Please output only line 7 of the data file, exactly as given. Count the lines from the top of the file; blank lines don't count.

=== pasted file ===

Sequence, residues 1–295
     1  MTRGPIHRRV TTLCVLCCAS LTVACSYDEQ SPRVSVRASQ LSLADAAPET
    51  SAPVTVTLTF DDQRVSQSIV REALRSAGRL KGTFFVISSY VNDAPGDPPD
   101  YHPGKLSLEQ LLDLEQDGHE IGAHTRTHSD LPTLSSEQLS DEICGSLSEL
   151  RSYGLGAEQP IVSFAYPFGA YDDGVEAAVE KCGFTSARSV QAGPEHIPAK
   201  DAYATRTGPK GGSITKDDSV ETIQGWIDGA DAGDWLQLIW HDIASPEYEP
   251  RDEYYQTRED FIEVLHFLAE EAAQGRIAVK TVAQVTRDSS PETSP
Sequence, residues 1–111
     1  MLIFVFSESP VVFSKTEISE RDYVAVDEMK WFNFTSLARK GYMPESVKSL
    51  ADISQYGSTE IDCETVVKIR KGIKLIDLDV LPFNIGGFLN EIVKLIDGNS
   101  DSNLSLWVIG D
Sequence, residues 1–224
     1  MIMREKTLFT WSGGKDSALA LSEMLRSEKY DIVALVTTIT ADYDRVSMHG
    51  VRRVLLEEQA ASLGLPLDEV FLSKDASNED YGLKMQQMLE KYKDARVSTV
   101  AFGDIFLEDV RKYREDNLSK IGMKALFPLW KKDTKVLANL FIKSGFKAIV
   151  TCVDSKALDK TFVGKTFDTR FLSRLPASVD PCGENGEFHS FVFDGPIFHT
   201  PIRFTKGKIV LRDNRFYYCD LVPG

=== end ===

   251  RDEYYQTRED FIEVLHFLAE EAAQGRIAVK TVAQVTRDSS PETSP